How a person perceives themselves significantly influences their choices, defines happiness, and applies to all spheres of life. Socrates, Saint Augustine, René Descartes, John Locke, Immanuel Kant, Sigmund Freud, and modern thinkers explored the definition of self from consciousness, spiritual, physical, and psychological perspectives (Chaffee 91). These famous thinkers lived at different historical periods, had diverse values, and developed unique theories about the nature of the human self aligning with their philosophies. This paper aims to compare René Descartes’ and John Locke’s perceptions of the “self.”
Descartes and Locke represent Western philosophy of the sixteenth to eighteenth centuries – the period when Europe moved from a religious worldview to the humanistic, person-centered one. Consequently, their theories about the aspects of self-perception had similarities, yet their approaches to exploring how people identify themselves were different. For instance, Descartes prioritized reasoning ability: doubting, thinking, and questioning every occasion of life, and, based on the obtained knowledge, develop self-awareness (Chaffee 109). In contrast, Locke identified consciousness through sensory experiences, making the “self” the primary source of comprehension.
Both philosophers had similar opinions regarding the changing nature of the “self” and supported the notion that one person can expand their self-awareness throughout the lifespan. According to Descartes, continuous seeking for the truth is the path to consciousness that leads individuals to develop their “self” (Hamou 126). Similarly, Locke defined a person as a “thinking intelligent Being, that has reason and reflection,” and functioning of these characteristics leads to establishing and expanding identity (Boeker 413). Descartes described the concept of oneself through the dualism of body and mind, as these components are interconnected, and together they create a human being (Urban 235). Locke, on the opposite, considered the physical aspect as a part of consciousness that does not influence the perception of the “self.” The nature of the disagreement between the two philosophers is based on their understanding of consciousness.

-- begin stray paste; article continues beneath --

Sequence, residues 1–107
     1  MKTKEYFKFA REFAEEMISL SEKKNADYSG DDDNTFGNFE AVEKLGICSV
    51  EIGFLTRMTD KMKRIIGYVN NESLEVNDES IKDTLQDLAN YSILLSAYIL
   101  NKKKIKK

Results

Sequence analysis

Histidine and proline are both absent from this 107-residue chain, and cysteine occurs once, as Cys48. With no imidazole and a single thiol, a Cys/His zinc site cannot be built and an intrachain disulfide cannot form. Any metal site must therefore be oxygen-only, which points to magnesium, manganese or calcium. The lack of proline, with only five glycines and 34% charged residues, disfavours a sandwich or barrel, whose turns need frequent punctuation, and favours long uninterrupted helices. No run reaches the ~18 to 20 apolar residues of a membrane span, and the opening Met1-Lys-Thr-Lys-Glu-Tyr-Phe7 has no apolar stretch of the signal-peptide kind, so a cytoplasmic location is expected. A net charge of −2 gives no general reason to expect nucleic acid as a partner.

Perception of the “self” is the fundamental aspect of philosophy, and most thinkers of all historical periods explored this question. Locke and Descartes represent the Western school of the humanistic period, yet their understanding of personal identity has distinctions. Indeed, how they define consciousness influenced their exploration of the “self” and revealed that awareness and physical factors could be interpreted differently in terms of self-perception.
Boeker, Ruth. “Locke on Personal Identity: a Response to the Problems of his Predecessors.” Journal of the History of Philosophy, vol. 55, no. 3, 2017, pp. 407-434.
Chaffee, John. The Philosophers Way. 5th ed., Pearson, 2016.
Hamou, Philippe. “Locke and Descartes on Selves and Thinking Substances.” Locke and Cartesian Philosophy, edited by Philippe Hamou and Martine Pécharman, Oxford University Press, 2018, pp. 121-143.
Urban, Elizabeth. “On Matters of Mind and Body: Regarding Descartes.” Journal of Analytical Psychology, vol. 63, no. 2, 2018, pp. 228-240.